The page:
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  • Writer's picturehawaiichocolate

Where do you park a tiny home?

Anyone who has been considering a tiny home knows one of the biggest challenges is where to put it. If you own a lot of land that’s great. You just need to check your zoning to see if it will allow a Recreational Vehicle, which is how the park model, 399 sf models are classified.

If you don’t own land then you need to place it on a lease lot in a park.

Some mobile home communities allow park models but some do not. That’s because the certifications for mobile homes are different. There are also RV parks that may have a separate section for park models which typically stay in place and are not towed around, due to their width. Park models are 12 or 15 ‘ wide and require special permits to travel on roads. They are usually put on a semi truck. A towable RV is 8’ft wide to accommodate road widths throughout the US. RV parks have the disadvantage of a transient community but often offer more amenities like pools or fitness centers and playgrounds for kids.

And then there are small communities just dedicated to park models. I found a 55 and over park model community in Liberty Hill, Texas. ( That means you must be 55 or older to live there). It is 25 acres in total and studded with oak trees on one end, and pasture on the other. The entrance is gated and the road meanders through the site with homes tucked in among the trees. The park’s goal is 20 homes in the next year, and possibly another 20 at some future date in the meadows section.

Park amenities include water ( both drinking and irrigation water) and a individual septic system for each home. There will be a dog park, a small community center with a kitchen for parties and if desired by residents a community garden. There is also a tower to facilitate internet connection. The property has open views and big shade trees and is on a rural county road.

The downtown of Liberty Hill is about 5 miles from the site on a more main feeder road. Liberty Hill ( pop approx. 3500) is about 30 min to Georgetown (pop approx. 50,000). So you are close to bigger city amenities but more rural. What Liberty Hill lacks in size it makes up for in amenities. It has a great school system and a sports stadium for the High School Panthers. Even a library. There is also a Lions ball park, International sculpture park, a Veterans park, several restaurants, a brewery and services such as banking, a local newspaper, a small grocery store with a local raised meat counter, medical facilities, hair salon , ladies boutique, a Tractor Supply and hardware etc. Along the highway are the typical Dairy Queen and other fast food options. They are building a swimming complex and new community center due to open next year. I like the small town feel of the historic downtown and older Craftsman and Victorian homes.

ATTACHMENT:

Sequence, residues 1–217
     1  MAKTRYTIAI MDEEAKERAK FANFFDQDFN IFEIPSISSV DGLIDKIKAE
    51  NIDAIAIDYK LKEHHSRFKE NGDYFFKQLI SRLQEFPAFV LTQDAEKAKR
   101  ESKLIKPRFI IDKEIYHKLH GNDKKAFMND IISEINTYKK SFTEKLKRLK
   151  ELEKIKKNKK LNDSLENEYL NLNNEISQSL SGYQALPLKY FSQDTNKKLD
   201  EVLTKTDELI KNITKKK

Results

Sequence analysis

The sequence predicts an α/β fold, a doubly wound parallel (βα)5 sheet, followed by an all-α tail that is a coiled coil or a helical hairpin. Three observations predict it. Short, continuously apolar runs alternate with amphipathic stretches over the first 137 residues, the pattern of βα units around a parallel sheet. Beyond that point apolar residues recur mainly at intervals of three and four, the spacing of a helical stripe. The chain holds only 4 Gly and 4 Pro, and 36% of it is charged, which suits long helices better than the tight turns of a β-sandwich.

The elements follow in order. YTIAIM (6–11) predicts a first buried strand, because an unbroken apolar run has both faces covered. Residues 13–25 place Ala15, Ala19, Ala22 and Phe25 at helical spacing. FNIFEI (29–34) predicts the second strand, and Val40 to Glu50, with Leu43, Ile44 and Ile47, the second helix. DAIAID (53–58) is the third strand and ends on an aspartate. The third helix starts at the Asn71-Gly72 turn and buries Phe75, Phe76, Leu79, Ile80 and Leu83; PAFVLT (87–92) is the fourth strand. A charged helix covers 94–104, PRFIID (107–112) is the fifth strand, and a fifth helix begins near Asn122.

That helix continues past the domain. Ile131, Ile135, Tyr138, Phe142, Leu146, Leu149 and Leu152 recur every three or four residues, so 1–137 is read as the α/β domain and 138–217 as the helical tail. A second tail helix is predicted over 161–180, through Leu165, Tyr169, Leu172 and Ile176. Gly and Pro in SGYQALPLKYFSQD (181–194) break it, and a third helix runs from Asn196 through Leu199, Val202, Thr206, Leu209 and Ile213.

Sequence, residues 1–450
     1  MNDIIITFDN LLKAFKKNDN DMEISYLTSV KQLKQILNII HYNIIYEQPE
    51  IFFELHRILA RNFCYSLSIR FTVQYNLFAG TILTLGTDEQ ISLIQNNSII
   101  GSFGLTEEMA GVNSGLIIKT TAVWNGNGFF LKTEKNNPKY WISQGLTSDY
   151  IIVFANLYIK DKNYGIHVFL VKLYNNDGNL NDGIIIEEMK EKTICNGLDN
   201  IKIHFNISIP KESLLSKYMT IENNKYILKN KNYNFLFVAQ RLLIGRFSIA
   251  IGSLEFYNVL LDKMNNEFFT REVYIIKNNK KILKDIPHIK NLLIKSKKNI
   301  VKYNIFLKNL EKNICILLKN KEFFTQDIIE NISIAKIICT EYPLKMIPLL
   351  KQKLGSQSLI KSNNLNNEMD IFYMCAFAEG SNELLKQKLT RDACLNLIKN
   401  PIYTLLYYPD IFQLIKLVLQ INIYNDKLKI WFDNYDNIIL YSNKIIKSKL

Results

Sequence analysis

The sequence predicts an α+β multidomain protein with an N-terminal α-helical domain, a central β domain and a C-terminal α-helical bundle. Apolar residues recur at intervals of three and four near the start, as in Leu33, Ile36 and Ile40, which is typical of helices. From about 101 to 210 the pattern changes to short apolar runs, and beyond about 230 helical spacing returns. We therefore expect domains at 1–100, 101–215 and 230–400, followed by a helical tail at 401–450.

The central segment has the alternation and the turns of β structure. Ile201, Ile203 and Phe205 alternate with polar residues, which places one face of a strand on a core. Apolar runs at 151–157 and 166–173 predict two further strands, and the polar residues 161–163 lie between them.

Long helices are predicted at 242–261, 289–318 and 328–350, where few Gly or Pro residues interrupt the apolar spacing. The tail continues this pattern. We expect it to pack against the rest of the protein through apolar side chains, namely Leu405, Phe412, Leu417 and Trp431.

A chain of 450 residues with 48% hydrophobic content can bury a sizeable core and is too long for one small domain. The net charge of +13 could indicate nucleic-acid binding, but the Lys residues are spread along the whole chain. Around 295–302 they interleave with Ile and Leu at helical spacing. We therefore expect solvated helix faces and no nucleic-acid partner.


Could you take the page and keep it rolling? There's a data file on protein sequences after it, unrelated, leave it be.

The other residential areas include some tract type limestone homes and large ranches. On the feeder roads are plenty of small business’ in houses. Agape BBQ has a large yard and live music, but is also a coffee shop in the Am. A restaurant in the downtown is also a bakery where you can pick up fresh bread and pastries or meals to take home or dine in. The new Main Street Social is a small food hall with independent vendors and a large public area for live music, dining and being social.

Georgetown is the home of Southwestern University, the oldest college in Texas and has a large focus on public art and galleries. It has a beautiful town square filled with shops, restaurants and live music. You are minutes from a swimming area called Blue Hole along the river and there is a large lake with over 9 miles of bike and walking trails. In this larger town you’ll find Natural Grocers, Aldi and HEB for groceries along with several Farmers markets. And there’s a large outdoor mall next to I-35 that goes into Austin and its suburbs (approx. 1 hr) . The mall, called Wolf Crossing, has a Longhorn Steakhouse, Starbucks and dozens of stores.

For me this is the best of both worlds. Living primarily rural, yet having ½ hr access to a larger “city” for the amenities it can offer. I’m anxious to see how my chocolate might fit into this community or even larger Georgetown. I don’t think I’m ready for a full- fledged store but I’ve seen a lot of creative collaborations there so maybe there’s one for me.

What about you? What attracts you to the area you live in? Do you prefer rural or city living?

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